"The reality is that the national interstate system was completed years ago. States should be able to keep their own transportation dollars instead of sending them to Washington and only getting a portion of them back with layers of regulations and earmarks," said Senator DeMint. "The Transportation Empowerment Act is a commonsense solution to the broken highway funding system."

If the Transportation Empowerment Act were passed, "Donor states," which send Washington more in gas taxes than they receive back in transportation funding, would see a dramatic increase in their rate of return because nearly all of the tax revenues would never leave the state. This bill would also empower states to pursue more innovative and efficient ways to build roads by engaging in public private partnerships.

A report published by the nonpartisan Heritage Foundation from October 2007 found that most "donor states" have been receiving a losing share of federal transportation funds since the program's inception in 1956, even though many of these states are experiencing above-average population growth. Heritage found that the five biggest "donor states" in the current federal highway funding system (Texas, South Carolina, Minnesota, Georgia and Indiana) lost a combined total of over $1.2 billion tax dollars in Fiscal Year 2005. According to the report:

"South Carolina was one of the biggest losers in 2005 because its motorists provided the trust fund with 1.836 percent of its rev¬enues while receiving only 1.535 percent of spending in return. In effect, South Carolina received only an 83.6 percent payback on its investment share. South Carolina is also one of the biggest losers over the 50-year history of the program. Only Texas and Oklahoma have done worse since the program's inception."

A 2007 report by the Department of Transportation Office of Inspector General requested by Senator Tom Coburn (R-Oklahoma) contains the following findings on the problems created by transportation earmarks:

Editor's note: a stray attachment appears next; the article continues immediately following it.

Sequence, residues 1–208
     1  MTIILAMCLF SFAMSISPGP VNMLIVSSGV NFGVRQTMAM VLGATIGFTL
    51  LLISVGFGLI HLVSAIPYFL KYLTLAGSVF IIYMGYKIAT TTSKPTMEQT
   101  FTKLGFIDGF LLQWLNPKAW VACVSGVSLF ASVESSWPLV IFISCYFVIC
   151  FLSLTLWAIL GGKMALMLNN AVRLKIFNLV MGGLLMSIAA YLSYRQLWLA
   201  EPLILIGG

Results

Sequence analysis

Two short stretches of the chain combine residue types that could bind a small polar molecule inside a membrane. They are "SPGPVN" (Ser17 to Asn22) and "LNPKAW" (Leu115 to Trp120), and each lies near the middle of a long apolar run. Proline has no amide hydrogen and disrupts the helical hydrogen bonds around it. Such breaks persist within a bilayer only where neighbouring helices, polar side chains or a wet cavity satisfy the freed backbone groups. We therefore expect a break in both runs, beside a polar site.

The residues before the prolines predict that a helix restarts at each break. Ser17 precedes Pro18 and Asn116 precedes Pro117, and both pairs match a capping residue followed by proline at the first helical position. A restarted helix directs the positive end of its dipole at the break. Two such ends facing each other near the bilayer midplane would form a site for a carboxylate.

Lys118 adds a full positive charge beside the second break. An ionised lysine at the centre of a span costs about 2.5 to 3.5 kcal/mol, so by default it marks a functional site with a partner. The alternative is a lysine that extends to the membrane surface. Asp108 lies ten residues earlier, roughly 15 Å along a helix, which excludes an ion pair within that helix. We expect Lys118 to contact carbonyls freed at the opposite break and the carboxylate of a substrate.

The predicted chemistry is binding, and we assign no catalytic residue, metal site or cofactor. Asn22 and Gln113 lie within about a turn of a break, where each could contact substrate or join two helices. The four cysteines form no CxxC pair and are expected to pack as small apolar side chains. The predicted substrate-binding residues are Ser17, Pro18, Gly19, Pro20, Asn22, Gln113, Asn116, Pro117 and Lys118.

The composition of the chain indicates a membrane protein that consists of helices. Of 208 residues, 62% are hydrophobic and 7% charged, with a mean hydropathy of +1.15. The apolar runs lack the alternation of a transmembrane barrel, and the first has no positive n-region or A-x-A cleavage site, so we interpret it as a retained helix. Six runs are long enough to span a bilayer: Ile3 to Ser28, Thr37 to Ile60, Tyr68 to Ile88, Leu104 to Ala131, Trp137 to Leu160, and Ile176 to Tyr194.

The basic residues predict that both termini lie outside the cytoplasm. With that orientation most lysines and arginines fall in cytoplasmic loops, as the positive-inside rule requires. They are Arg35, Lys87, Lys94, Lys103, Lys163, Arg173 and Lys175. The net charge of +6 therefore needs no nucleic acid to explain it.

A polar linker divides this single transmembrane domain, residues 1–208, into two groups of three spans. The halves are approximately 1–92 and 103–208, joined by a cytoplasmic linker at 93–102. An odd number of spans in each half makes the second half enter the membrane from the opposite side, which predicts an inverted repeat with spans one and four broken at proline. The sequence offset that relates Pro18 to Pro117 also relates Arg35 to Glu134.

• Department of Transportation (DOT) earmarks have increased in number by 1,150 percent in 10 years (1996 - 2005), with the value of earmarks in the same timeframe jumping 314 percent.
• Ninety-nine percent of earmarks (7,724 out of 7,760) were not subject to the transportation agencies' review and selection processes or bypassed the states' normal planning and programming processes.
• Earmarks may not be the most effective or efficient use of funds. The IG report identifies five ways in which earmarks impact programs in the Federal Highway Administration, the Federal Transit Administration, and the Federal Aviation Administration, as follows (see pages 11 - 14 of the full report):

o Earmarks can reduce funding for the states' core transportation programs.
o Earmarks do not always coincide with DOT strategic research goals.
o Many low priority, earmarked projects are being funded over higher priority, non-earmarked projects.
o Earmarks provide funds for projects that would otherwise be ineligible.
o Earmarks can disrupt the agency's ability to fund programs as designated when authorized funding amounts are exceeded by "overearmarking."